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That past weekend I had to red light a couple of lifts because of floating butts. A floating butt is something that always frustrates the lifter to the point of rage: been there, done that, much more than I would like to.
Nobody wants to raise their butt. So why does this happen?
Let’s start by understanding the bench press. Like the other two powerlifts, the bench press is a sports gesture made up of movements recruiting muscle chains in the whole body. If you are reading this, you probably know that already: just as the squat is NOT about legs (“leg day”), the bench press is not about the chest (“chest day”).
There are primary motor muscles that follow a succession of predominance along the concentric phase. Up to the sticking point, we usually say there is “pectoral dominance”, since pectorals and anterior deltoids are more intensely recruited. As the sticking point is passed, we usually say there is “triceptal dominance”.
The sticking point is where there is a transfer of dominance from one chain to the other.
But the real key to a good, competitive bench press is to efficiently make use of the synergist chains, mostly related to stabilizing the lifter-barbell system so that the levers will function optimally.
The first thing you will hear experienced lifters tell you is to “squeeze your shoulder blades”. That means to keep isometric scapular adduction and depression.
The second important thing for proper stabilization, which unfortunately many people are less aware of, is glute contraction.
Glute contraction plus scapular adduction creates the most stable geometrical arrangement for the lifter-barbell system. They naturally produce a certain level of spine hyper-extension, which may go from the slightest curve to a full arch. As many people wrongly believe, the arch range does not define the good and efficient bench press. Stability does. If the bencher is flexible enough to deliberately arch without compromising stability, that’s great. If not, over-arching will actually hinder the lifter’s evolution.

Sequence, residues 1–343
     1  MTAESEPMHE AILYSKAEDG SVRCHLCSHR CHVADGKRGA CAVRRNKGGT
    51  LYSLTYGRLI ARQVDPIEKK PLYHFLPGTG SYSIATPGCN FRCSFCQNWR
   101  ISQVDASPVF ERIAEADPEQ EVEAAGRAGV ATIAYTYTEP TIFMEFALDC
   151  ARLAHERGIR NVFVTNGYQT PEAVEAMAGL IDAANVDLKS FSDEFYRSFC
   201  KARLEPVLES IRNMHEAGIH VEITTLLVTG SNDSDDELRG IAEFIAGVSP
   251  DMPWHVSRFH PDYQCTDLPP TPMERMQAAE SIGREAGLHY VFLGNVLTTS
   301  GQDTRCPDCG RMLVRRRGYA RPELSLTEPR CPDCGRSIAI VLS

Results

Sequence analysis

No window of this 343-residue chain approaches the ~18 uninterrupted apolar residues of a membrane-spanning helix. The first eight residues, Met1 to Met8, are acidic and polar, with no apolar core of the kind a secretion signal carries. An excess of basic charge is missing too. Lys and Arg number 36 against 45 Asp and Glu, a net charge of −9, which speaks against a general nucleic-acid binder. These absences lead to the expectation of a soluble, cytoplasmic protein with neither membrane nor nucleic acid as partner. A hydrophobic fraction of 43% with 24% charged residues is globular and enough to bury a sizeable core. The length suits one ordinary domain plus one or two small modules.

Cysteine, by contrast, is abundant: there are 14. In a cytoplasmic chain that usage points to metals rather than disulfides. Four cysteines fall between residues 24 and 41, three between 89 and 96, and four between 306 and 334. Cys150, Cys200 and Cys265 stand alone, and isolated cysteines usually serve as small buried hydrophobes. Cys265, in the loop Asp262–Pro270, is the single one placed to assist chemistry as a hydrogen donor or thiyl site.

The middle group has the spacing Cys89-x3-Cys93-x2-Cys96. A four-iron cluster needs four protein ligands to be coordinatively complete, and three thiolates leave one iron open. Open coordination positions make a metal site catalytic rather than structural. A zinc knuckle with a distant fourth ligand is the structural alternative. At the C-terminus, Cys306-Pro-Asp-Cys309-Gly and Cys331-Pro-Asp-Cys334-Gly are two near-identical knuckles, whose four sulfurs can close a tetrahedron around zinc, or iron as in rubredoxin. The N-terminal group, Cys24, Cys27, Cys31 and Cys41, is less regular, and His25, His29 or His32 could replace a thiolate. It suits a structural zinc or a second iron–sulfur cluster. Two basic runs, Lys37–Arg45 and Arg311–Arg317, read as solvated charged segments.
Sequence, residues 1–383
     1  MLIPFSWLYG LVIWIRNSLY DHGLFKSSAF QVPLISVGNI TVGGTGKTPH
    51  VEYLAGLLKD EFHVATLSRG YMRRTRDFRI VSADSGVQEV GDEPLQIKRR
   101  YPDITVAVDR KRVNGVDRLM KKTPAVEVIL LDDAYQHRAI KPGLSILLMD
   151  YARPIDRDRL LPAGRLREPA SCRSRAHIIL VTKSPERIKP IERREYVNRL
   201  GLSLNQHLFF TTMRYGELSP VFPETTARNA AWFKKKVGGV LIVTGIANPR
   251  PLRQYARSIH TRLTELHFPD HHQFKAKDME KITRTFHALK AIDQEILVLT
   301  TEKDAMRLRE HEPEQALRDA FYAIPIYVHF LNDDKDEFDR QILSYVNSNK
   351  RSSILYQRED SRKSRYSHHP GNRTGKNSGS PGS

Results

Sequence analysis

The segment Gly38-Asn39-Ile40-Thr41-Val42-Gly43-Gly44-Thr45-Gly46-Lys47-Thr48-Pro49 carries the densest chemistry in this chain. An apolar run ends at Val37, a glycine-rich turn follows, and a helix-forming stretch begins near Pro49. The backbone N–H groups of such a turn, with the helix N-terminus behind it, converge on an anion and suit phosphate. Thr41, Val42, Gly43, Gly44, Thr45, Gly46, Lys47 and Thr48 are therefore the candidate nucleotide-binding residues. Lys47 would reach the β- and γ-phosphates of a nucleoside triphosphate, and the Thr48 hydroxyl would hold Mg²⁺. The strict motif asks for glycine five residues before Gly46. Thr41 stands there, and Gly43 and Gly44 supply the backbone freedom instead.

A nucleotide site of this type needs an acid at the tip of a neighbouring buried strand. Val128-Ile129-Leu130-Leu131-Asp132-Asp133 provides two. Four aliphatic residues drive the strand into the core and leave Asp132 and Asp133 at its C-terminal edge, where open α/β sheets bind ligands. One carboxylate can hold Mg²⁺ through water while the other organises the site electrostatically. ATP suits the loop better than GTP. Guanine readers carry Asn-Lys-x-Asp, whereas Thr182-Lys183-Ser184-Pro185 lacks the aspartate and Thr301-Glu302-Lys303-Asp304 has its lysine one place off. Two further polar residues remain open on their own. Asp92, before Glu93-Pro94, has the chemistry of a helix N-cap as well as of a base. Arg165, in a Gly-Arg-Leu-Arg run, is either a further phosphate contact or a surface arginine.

Now, effective contraction of glutes produces hamstring contraction.
The famous “leg drive” is a strong isometric contraction of lower limbs, glutes and lower back in order to provide an extra-stiff basis for concentric action levers to function. But remember: the bench press stability system is made of scapular adduction, which is only possible with the highest isometric contraction of the latissimus dorsi (many lifters feel some soreness on their lats after heavy benching), and glute contraction.
Sometimes the “scapular system” collapses – either for lack of technique or because the weight is really too heavy. That over-taxes the glute system and this is one of the situations where you lift your butt off the bench.
Another reason for raising the butt is inadequate placing of the feet. Sometimes the lifter’s feet are placed in a manner that the obvious outcome of leg muscle action is not isometric glute contraction, but knee extension. Therefore, glute raise.
Sometimes it is a result of irradiation, a concept coined by Charles Scott Sherrington in 1906 and later employed by Pavel Tsatsouline. The basic idea of irradiation is that the more intense a certain muscle is activated, the more the central nervous system will recruit neighboring muscles on an increasing and sequential manner. So, when a bencher is struggling on the concentric phase of his bench, all stabilizers will be more and more activated until eventually there will be knee extension.
It is hard to give tips for the correction of repeated butt raises. I struggled with that myself. But here are some ideas:
1. Place your feet a little wider, but keeping sufficient knee flexion to provide the necessary leg drive. In the beginning, this might feel painful. It worked for me.
2. Strengthen your “scapular stabilizing system”. Work on heavy rows, keeping the concentric peak for a few seconds; use hyperextension equipment to do hyperextension with weights, holding the concentric peak.
3. Strengthen your glute-hamstring system – glute hamstring raises work great for that
4. Work on body conscience: with lighter loads, focus on maintaining the balance between the scapular and glute stabilizing systems.
I hope this helps.